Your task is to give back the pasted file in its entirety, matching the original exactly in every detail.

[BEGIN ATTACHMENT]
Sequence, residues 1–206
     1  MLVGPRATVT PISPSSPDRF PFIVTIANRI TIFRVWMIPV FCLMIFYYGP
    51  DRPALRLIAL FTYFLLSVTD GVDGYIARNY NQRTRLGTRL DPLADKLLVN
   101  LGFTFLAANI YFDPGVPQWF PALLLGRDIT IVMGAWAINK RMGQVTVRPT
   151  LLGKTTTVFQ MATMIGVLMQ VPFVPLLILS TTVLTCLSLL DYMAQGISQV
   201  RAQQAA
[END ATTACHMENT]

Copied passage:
Sequence, residues 1–206
     1  MLVGPRATVT PISPSSPDRF PFIVTIANRI TIFRVWMIPV FCLMIFYYGP
    51  DRPALRLIAL FTYFLLSVTD GVDGYIARNY NQRTRLGTRL DPLADKLLVN
   101  LGFTFLAANI YFDPGVPQWF PALLLGRDIT IVMGAWAINK RMGQVTVRPT
   151  LLGKTTTVFQ MATMIGVLMQ VPFVPLLILS TTVLTCLSLL DYMAQGISQV
   201  RAQQAA